Hello everyone! Last week, I recommended some books for specific genres, in my discussion of my opinions of the problems of YA – or young adult, if you’re new around here – literature. This week, I’m discussing my review and comparison between two books of the same genre.
To start with, let’s talk about a commonly loved, hated, and love-to-hate genre in young adult fiction – dystopia. While there are countless contemporary and romance-related dystopian fiction books floating on the market, some of the classics include the Divergent series by Veronica Roth and the Hunger Games trilogy by Suzanne Collins.
The synopsis of the first book of Collins’ series reads: Could you survive on your own in the wild, with everyone out to make sure you don’t live to see the morning?
In the ruins of a place once known as North America lies the nation of Panem, a shining Capitol surrounded by twelve outlying districts. The Capitol is harsh and cruel and keeps the districts in line by forcing them all to send one boy and one girl between the ages of twelve and eighteen to participate in the annual Hunger Games, a fight to the death on live TV.
Sixteen-year-old Katniss Everdeen, who lives alone with her mother and younger sister, regards it as a death sentence when she steps forward to take her sister’s place in the Games. But Katniss has been close to dead before—and survival, for her, is second nature. Without really meaning to, she becomes a contender. But if she is to win, she will have to start making choices that weight survival against humanity and life against love.”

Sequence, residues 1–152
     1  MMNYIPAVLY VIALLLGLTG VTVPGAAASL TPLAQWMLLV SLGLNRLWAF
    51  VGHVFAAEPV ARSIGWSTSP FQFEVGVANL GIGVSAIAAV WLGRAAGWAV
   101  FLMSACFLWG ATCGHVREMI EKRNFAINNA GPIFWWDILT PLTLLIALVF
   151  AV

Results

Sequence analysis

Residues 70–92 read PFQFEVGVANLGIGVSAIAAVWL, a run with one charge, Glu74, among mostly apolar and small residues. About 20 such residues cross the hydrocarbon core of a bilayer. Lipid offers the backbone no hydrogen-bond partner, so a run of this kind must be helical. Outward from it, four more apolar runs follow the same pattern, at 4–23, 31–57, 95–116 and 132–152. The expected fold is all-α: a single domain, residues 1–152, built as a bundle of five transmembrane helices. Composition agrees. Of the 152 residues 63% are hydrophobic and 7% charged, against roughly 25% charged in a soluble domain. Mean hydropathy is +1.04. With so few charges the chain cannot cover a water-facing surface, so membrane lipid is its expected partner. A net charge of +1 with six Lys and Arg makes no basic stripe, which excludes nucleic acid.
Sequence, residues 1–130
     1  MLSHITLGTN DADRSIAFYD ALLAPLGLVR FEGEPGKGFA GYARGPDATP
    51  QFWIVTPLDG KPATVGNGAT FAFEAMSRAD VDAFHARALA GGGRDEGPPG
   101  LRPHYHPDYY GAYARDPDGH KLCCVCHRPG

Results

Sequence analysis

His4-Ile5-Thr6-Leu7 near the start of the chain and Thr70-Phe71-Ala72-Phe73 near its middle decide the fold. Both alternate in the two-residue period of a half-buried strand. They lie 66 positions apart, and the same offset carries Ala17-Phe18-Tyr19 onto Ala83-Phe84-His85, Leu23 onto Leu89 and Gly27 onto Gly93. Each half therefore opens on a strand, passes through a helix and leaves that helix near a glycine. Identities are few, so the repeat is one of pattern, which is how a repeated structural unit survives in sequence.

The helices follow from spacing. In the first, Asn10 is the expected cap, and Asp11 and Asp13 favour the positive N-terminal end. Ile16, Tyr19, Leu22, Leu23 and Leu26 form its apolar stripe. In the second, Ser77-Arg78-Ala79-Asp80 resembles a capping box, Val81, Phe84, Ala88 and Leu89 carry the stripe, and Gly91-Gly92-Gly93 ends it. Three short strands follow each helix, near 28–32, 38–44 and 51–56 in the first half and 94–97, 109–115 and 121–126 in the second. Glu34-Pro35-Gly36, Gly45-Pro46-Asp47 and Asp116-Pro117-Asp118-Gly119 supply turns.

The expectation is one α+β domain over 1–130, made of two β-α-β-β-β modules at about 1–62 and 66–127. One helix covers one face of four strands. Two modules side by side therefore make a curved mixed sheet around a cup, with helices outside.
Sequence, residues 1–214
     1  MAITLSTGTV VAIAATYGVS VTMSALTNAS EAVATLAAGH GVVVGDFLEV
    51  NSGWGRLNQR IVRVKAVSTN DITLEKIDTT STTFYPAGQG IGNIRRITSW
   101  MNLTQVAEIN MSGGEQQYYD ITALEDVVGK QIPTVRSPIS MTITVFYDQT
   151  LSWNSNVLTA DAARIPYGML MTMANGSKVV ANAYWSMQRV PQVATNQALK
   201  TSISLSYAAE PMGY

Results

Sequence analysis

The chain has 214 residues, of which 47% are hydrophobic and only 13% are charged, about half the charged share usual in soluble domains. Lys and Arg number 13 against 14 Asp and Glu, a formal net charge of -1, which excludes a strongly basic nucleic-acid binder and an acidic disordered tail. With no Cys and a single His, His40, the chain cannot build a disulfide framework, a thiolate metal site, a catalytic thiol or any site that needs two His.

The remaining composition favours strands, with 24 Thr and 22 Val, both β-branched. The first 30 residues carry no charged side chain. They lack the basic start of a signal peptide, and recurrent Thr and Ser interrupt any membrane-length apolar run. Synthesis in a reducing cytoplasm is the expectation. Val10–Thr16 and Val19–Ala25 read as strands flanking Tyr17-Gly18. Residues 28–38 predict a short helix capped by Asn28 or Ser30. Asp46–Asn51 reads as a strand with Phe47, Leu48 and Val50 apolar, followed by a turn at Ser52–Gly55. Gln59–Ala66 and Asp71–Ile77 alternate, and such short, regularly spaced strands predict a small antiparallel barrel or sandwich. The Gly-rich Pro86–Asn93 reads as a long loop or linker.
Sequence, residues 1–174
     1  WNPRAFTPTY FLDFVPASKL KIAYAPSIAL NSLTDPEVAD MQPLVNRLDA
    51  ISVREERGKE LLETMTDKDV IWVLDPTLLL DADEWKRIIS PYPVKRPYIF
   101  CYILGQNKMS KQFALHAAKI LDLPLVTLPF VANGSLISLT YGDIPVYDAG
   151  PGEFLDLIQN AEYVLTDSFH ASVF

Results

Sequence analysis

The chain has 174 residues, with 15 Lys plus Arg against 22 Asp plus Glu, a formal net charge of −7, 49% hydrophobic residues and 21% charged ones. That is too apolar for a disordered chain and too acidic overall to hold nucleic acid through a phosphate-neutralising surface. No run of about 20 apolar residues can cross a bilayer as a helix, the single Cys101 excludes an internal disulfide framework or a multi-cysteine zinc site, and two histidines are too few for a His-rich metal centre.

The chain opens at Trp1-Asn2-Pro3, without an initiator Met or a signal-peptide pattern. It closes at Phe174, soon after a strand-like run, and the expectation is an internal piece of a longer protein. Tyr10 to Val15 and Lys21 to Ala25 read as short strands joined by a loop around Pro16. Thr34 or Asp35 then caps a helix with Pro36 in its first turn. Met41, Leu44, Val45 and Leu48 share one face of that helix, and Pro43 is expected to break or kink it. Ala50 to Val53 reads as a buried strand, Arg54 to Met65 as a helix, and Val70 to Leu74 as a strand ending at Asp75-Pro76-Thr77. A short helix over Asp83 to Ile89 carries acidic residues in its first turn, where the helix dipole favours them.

The synopsis of the first book in Roth’s series reads: “In Beatrice Prior’s dystopian Chicago world, society is divided into five factions, each dedicated to the cultivation of a particular virtue — Candor (the honest), Abnegation (the selfless), Dauntless (the brave), Amity (the peaceful), and Erudite (the intelligent). On an appointed day of every year, all sixteen-year-olds must select the faction to which they will devote the rest of their lives. For Beatrice, the decision is between staying with her family and being who she really is — she can’t have both. So, she makes a choice that surprises everyone, including herself.
During the highly competitive initiation that follows, Beatrice renames herself Tris and struggles alongside her fellow initiates to live out the choice they have made. Together they must undergo extreme physical tests of endurance and intense psychological simulations, some with devastating consequences. As initiation transforms them all, Tris must determine who her friends really are — and where, exactly, a romance with a sometimes fascinating, sometimes exasperating boy fits into the life she’s chosen. But Tris also has a secret, one she’s kept hidden from everyone because she’s been warned it can mean death. And as she discovers unrest and growing conflict that threaten to unravel her seemingly perfect society, she also learns that her secret might help her save those she loves … or it might destroy her.”